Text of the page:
Sometimes it takes a really harsh cut back to return to bloom. This series is in honour of my mother-in-law Liz, who bravely pruned our roses for us when she was last here – and was a little worried she’d … Continue reading
My great great uncle was murdered and eaten by cannibals. 1867. In my recent trip to Fiji I stayed with direct descendants of the Chief who killed and ate him. This part of my family history seems to reverberate through … Continue reading
With Spring’s return this year, I was laid up in bed with some kind of cold/flu thing that prevented me from standing for more than a few minutes at a time. Days later, when I merged myself back into the … Continue reading
Having the nick name swiss cheese plant could be another reason it has my attention! Continue reading
2018. Wow, it goes by in a flash, squeezes you of all your energy and then leaves you spat out to recover on your holidays! At least that’s how it felt this year, perhaps due to not being at my … Continue reading
In two days, I start putting up my photographic work for an exhibition, a joint venture with Susan Nethercote, called ‘Nature’s Abstract‘. I have admired Susan’s work with paint for some time and it dawned on us that we really … Continue reading
It really is about seeing what is right before you sometimes. These shots are an example of that for me. I came home after Christmas to be reminded that all I had to do was stop for a moment and … Continue reading
Does it really matter? Not to me, I have to admit. It doesn’t matter if something is dead or alive, there is still much beauty to be found. In fact I used to love to shoot dead flowers when I was … Continue reading
Every breath of wind leaves a mark on something. Every stirring vibration creates a shift or a ripple leading elsewhere. Every sign of life is a wound. Where it all begins or ends we can’t be sure, only that it … Continue reading
I was standing on a mountain with a bunch of old friends the other day. We were at a mate’s property, before a huge bonfire, celebrating 2 friends’ 40th birthdays – all camping out together for the night.
In my brief conversation with one of the boys, we quickly came to be talking about spirituality. “I think that’s one of the things that all of us here have in common, our sense of spirituality is all about feeling connected…. TO THE LAND!” I chimed in. Most definitely, or in Matty’s case, more the OCEAN.
I make no claim to the kind of spirituality Aboriginal culture speaks of. As far as I am aware I have no heritage to link me there. And the fullness and complexity of traditional knowledge goes far and deep beyond my imaginings.
However, I do feel that rich and powerful connection to the land where I was born and I feel that divine appreciation for a natural landscape – in my own homeland and elsewhere on this planet.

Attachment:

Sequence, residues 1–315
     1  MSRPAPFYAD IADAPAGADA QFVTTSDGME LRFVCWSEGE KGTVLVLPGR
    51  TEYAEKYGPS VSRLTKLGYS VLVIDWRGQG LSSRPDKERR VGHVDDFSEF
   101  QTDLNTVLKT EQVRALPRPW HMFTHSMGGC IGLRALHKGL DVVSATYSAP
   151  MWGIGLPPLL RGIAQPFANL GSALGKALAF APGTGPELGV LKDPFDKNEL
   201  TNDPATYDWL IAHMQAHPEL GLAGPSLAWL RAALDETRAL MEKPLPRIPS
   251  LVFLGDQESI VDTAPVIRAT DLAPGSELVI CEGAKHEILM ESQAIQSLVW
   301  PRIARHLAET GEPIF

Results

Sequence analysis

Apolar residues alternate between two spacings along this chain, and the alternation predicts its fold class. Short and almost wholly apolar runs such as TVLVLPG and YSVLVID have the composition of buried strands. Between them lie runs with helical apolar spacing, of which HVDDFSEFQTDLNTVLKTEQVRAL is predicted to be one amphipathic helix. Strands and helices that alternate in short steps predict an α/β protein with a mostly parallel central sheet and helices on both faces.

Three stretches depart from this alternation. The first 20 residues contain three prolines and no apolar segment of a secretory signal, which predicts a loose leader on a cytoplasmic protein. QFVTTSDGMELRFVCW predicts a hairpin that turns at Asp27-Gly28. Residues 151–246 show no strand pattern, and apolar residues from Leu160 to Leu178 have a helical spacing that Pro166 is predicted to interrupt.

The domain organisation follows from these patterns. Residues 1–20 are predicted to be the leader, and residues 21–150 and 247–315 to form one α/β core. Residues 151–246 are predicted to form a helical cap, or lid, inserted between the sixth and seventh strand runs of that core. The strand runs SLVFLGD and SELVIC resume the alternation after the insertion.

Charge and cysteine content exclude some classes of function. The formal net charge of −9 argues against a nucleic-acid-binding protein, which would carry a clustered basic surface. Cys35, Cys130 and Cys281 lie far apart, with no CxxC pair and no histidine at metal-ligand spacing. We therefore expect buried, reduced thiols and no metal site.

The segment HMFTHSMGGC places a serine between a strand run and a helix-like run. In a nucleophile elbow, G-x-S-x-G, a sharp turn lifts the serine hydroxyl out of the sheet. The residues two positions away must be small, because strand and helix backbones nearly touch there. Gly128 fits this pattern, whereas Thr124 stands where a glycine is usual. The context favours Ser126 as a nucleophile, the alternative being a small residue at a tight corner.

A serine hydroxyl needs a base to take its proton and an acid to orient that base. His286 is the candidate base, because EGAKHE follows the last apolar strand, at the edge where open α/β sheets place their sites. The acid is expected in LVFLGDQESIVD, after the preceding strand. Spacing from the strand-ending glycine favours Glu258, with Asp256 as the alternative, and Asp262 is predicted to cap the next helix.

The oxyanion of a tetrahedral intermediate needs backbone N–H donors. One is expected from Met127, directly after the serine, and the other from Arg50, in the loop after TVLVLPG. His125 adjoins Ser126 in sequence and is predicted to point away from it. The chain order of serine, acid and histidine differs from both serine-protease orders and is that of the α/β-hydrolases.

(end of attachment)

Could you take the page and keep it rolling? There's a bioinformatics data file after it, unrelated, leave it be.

This is why photography is somewhat like my bible. It helps me to stop and study my spirituality. I open my shutter and stop to breathe in the miraculous, the divine. It helps me to focus, calm myself, feel and capture my appreciation. The image becomes a thank you, an “I SEE you”.
This might sound a tad hippy, but once I climbed a tree in the dry Todd River bed of Alice Springs, hung my arms and legs around a huge branch and whispered “I promise to show the world, or remind the world how beautiful you are”.
Perhaps I was also whispering that to myself, as I seek to remind myself and everyone of our deserving of self-love and healthy worshipfulness. For is not my body a natural wonder?
The more I learn about it, the more I admire it, want to learn to respect it and see it as miraculous.
My macro work brings me in close, to see what is otherwise invisible or over-looked. And that is a whole new world of discovery. David Attenborough himself couldn’t be more excited by the layers and beauty that it reveals. Again, my anatomy study is a similar act with familiar outcomes. The inner workings of my body is also complex and inspiring, with multitudes of daily miraculous events occurring.
So photographing the earth, sky, sea, the natural world, including the human body is like entering a temple and bowing in prayer.
It is where I find peace, meet my maker and meet my humanity and my soul, even.
I wish more world leaders could feel this in their hearts and souls too. They might then be able to act as our Christ and save us, rather than our Judas. For what we do to the earth, we do to ourselves.
It’s impossible to live and breathe and adore this earthly place, without facing my own body within it, as part of it, my vessel to take me through this version of a life experience. Why then the epic struggle to truly love and cherish my own mountains, deep valleys, volcanic eruptions, hailstorms, deserts, lush rainforests and spinifex within?
It is a constant journey, but I intend to celebrate that journey. I trip up a lot, but I am still moving on it. Which brings me to my next body of work, an idea that has been brewing for a number of years. It’s fruition is overdue.
A combination of the body of the earth and the body of us. I’m looking for signs of life to photograph: scars, stretch marks, unusual markings, lines, blemishes, etc.
Please put yourself forward if you have any of these. You won’t be identified, your markings will be abstracted.
Please contact me through my facebook page if you wish to take part.